Nick Brandt - Inherit the Dust

Nick Brandt - Inherit the Dust.jpg
Nick Brandt - Inherit the Dust.jpg
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Nick Brandt - Inherit the Dust


Inherit the Dust

Three years after the conclusion of his trilogy, On This Earth, A Shadow Falls Across the Ravaged Land, Nick Brandt returns to East Africa to photograph the escalating changes to the continent’s natural world.

In a series of epic panoramas, Brandt records the impact of man in places where animals used to roam, but no longer do. In each location, Brandt erects a life size panel of one of his animal portrait photographs, setting the panels within a world of explosive urban development, factories, wasteland and quarries.

The people within the photographs are oblivious to the presence of the panels and the animals featured in them, who are now no more than ghosts in the landscape. Some of the animals in the panels appear to be looking out at these destroyed landscapes with sadness, as if lamenting the loss of the world they once inhabited. By the end, we see that it is not just the animals who are the victims in this out of control world, but also the humans.

The panoramas constitute 2/3 of the book. The final third features portraits of the animals that were featured in the life-size panels, the kind of unique emotional animal portraiture for which Brandt is recognized.

Brandt contributes two essays: The first deals with the crisis facing the conservation of the natural world in East Africa, and the work of Big Life Foundation, the non-profit he cofounded in 2010, is doing to protect a critical part of it.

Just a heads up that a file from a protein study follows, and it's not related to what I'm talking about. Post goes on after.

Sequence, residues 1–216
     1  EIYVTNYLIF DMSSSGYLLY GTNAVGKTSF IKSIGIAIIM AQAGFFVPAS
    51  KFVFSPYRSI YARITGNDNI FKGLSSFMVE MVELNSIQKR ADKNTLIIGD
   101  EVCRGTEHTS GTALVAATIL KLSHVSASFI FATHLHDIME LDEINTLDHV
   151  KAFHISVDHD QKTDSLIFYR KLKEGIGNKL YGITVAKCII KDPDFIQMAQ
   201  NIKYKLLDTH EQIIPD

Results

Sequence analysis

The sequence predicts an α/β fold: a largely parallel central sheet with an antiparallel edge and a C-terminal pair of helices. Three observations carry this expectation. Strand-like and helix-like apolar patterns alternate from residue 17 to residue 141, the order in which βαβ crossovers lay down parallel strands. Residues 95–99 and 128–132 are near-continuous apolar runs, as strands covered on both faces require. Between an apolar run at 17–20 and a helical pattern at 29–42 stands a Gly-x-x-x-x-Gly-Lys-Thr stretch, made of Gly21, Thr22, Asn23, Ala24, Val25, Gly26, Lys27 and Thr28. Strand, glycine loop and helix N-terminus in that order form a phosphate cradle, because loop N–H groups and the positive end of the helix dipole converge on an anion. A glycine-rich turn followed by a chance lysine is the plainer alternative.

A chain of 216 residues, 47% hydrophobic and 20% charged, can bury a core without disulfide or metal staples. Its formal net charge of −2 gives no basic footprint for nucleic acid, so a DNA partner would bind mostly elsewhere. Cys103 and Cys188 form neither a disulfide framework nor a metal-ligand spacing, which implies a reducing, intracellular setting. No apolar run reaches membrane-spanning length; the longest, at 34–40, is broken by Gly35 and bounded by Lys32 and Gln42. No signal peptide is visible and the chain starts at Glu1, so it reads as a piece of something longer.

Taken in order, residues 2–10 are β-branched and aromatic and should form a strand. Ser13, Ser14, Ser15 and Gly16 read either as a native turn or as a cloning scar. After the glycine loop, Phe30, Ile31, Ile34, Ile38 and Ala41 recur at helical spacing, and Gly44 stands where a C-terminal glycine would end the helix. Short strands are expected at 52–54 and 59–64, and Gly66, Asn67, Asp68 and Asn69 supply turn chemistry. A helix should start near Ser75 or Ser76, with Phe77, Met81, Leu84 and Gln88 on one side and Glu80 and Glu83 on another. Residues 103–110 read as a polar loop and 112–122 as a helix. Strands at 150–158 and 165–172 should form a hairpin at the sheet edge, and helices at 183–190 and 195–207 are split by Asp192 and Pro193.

The second essay is a behind-the-scenes description of the elaborate production, with accompanying making-of photos.



"Nick Brandt’s ravishing portraits of African animals are like premonitory memorials, taken to aid the cause of staving off extinction. In Inherit the Dust, his astonishing panoramas of those portraits – installed as life-size panels in industrial and urban wastelands that have trampled the animals’ habitats – are a jolting combination of beauty, decay, and admonishment. The result is an eloquent and complex 'J’accuse,' for the people are as victimized by 'development' as the animals are. The breadth, detail, and incongruity of Brandt’s panoramas suggest a collision between Bruegel and an apocalypse in waiting."

Vicki Goldberg, Art Critic, Author

"The wasted lands in Inherit The Dust were once golden savannah, sprinkled with acacia trees, where elephants, big cats and rhinos roamed.  These now dystopian landscapes – as Nick Brandt’s unvarnished, harrowing but stunning work reveals – brings us face to face with a crisis, both social and environmental, demanding the renewal of humanity itself."
Kathryn Bigelow, Film Director, The Hurt Locker

"The images in Inherit The Dust are heart-wrenching and important. This tough new series is a call to action – if it is not too late – and pulls no punches in confronting us with the devastation of their habitat."
Philippe Garner, Co-Chairman, Christies

"With Inherit The Dust, the quiet dignity of the animals that Nick Brandt photographs is shockingly juxtaposed against the indignity and disarray of our own. These haunting photographs force us to think about what we are doing, and who is at stake."
Carl Safina, Author, Biologist, Beyond Words, What Animals Think & Feel

"Nick Brandt's magnificent, remarkable and truly original new work, Inherit The Dust, is a photographic essay in environmental ethics. He asks, in the most stark fashion: 'What are we doing to this planet? What have we gained, and what have we – and the other animals with whom we share our planet – lost?'"
Peter Singer, Philosopher, Author, Animal Liberation

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